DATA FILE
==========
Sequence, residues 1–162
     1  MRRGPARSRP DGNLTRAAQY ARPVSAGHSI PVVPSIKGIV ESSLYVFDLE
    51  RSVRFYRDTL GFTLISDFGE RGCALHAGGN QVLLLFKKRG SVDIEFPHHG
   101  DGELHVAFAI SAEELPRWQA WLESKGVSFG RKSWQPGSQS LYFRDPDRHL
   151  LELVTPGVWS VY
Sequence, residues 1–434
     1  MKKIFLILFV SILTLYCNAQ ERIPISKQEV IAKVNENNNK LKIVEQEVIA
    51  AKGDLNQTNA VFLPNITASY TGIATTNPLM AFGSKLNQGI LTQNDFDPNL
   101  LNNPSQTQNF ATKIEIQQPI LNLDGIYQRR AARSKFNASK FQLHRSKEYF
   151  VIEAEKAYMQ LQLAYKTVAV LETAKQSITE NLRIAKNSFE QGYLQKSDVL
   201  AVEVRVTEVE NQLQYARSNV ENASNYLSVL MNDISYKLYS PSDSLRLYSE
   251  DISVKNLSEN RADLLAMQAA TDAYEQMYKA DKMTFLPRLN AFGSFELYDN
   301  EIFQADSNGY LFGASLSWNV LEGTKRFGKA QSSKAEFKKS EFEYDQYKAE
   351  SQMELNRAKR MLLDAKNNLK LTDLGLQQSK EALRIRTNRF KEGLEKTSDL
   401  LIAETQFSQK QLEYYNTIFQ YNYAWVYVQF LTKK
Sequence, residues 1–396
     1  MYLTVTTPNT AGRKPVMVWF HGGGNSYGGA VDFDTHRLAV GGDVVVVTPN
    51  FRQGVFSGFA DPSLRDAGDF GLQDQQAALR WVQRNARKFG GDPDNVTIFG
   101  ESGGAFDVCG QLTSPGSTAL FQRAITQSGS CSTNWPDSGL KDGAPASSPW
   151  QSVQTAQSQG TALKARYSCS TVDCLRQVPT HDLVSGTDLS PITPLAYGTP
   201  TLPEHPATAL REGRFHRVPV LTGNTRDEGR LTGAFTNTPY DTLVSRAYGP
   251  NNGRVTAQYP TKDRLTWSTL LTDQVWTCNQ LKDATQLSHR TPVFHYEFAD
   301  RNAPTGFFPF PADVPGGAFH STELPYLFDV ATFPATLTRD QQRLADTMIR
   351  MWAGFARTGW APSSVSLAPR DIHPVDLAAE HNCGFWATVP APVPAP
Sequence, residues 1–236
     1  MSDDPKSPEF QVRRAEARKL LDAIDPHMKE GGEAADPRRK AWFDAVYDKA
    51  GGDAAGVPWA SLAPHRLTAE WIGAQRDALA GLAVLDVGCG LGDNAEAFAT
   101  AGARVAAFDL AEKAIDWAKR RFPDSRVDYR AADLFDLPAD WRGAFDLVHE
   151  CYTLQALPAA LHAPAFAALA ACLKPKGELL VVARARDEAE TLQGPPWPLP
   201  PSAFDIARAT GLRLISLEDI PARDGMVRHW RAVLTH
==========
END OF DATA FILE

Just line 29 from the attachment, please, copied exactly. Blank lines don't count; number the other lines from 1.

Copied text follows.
   151  CYTLQALPAA LHAPAFAALA ACLKPKGELL VVARARDEAE TLQGPPWPLP